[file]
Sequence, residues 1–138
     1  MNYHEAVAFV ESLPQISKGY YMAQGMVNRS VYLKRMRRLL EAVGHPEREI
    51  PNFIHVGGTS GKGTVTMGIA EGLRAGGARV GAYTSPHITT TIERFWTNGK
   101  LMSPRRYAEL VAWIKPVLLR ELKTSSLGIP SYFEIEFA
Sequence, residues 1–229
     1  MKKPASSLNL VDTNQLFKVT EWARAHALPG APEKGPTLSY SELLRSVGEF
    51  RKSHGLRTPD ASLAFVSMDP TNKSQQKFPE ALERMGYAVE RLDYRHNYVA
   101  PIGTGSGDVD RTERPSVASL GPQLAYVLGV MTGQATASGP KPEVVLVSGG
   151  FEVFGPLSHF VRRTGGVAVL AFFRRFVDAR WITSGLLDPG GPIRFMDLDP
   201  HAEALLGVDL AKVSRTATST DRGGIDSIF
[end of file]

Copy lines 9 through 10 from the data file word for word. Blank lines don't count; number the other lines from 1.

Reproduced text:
   151  FEVFGPLSHF VRRTGGVAVL AFFRRFVDAR WITSGLLDPG GPIRFMDLDP
   201  HAEALLGVDL AKVSRTATST DRGGIDSIF